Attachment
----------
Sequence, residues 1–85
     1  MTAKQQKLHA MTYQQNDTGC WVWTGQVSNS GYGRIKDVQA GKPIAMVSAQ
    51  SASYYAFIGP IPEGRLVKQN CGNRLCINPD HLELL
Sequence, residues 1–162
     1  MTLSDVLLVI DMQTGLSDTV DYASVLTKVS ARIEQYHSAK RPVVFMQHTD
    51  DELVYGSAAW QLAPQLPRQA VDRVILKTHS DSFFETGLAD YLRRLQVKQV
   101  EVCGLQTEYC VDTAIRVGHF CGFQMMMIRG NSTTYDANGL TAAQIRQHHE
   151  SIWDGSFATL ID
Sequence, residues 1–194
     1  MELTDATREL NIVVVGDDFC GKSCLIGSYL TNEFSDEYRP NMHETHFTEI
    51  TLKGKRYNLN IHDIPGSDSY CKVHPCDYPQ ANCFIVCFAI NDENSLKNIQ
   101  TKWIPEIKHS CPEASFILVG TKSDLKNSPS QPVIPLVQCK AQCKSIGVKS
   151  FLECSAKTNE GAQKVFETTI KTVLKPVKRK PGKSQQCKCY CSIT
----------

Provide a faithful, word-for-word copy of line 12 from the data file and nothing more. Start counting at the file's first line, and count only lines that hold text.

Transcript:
   101  TKWIPEIKHS CPEASFILVG TKSDLKNSPS QPVIPLVQCK AQCKSIGVKS